A rejuvenated return and the rebirth of thought leadership


I know, I know. It’s been too long between posts, and what kind of a thought leader disappears for that long? Apologies all around.

That said, during this hiatus I was struck with several epiphanies that led me to an evolving paradigm of Thought Leadership. I’ve posted before about how everything gets its buzzword, which immediately devalues whatever it is we happen to be buzzing about. Thought leadership is on the edge, if not over it. And I know why.

It comes down to inspiration, the missing component of too many modern campaigns. The presiding call to arms is that anyone can be a thought leader, it only requires the willingness to market your innovative thinking. This remains true in many respects, and breeds an essential respect for authority that helps to solidify brands. It inspires recognition, trust, and relationships.

But does it inspire action? I submit that it depends on timing, the mindset of the audience, the value of the innovation and the quality of its articulation.

True inspiration leads to action on its own. If delivered strongly, passionately and with enough consistency, it can to a degree perform independently of the above variables. For some business and social leaders, the achievable goal must move forward from earning respect and relationships to generating inspiration and action.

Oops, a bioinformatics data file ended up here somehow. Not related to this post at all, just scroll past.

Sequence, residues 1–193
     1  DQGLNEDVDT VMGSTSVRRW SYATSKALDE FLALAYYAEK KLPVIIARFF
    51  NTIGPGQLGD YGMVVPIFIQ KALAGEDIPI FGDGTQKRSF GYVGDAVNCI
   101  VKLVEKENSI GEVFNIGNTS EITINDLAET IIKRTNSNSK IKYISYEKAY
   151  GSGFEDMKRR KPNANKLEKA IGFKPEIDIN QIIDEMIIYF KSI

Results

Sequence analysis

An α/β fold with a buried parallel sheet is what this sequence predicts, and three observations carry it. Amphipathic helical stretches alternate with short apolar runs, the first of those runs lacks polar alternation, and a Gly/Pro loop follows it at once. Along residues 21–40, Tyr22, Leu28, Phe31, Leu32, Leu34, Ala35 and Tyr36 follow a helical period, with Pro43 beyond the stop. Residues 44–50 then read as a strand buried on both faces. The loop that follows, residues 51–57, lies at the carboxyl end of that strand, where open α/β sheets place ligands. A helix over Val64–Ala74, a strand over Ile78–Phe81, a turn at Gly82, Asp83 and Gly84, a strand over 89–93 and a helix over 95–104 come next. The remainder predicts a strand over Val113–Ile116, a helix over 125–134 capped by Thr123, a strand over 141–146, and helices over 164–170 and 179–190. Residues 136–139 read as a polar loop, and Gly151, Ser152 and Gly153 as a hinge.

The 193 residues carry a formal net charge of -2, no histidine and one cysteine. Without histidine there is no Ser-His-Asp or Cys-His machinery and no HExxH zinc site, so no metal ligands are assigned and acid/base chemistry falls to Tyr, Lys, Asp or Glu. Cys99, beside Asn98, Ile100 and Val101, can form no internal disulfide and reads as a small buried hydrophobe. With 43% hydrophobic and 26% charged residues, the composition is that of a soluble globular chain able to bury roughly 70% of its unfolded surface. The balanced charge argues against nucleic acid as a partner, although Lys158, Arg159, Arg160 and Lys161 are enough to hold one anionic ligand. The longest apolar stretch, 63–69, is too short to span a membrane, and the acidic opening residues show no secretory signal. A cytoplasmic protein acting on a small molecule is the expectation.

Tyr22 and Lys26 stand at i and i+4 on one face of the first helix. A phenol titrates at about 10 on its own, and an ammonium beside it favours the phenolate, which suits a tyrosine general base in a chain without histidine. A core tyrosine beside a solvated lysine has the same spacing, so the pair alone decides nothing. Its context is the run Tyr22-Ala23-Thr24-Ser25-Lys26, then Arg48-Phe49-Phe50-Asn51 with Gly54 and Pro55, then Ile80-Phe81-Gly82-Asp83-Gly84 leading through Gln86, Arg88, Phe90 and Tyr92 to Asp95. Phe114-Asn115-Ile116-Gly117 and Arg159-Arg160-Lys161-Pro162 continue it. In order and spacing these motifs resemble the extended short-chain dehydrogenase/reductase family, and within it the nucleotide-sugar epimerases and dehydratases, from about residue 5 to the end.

Some low-hanging case studies:

Barak Obama (yes, I’m actually leading with Barak Obama) implied that race should be tackled head on. The result was a flurry of conversation and editorial that is summed up by this NPR story.

The best part of this is that the inspiration was short lived…why? Because Obama has to spread himself around a little these days. The message only gets through with consistent delivery; imagine what would happen if he ran a Thought Leadership campaign solely devoted to breaking down racial divides?

Al Gore might be the premiere example of taking a theme about which he was passionate as far as he could (thus far): he grew awareness of the global warming issue, remained dedicated to evangelizing it, and inspired a generation to act.

In the trenches, socially responsible investment manager Reynders, McVeigh is taking on some of these traits of inspiration through select investments. Their role in bringing the IMAX film “Grand Canyon Adventure: River at Risk” to the screen was rooted in a passion for the issues. At a Boston screening of the movie, participants in the project cited a mission of inspiring and educating through entertainment, a statement that – at its heart – aligns with the goals of a true Thought Leader.

There are lessons that can be applied, projects that will add to the evolution that will elevate Thought Leadership to its rightful place beyond the buzzword.


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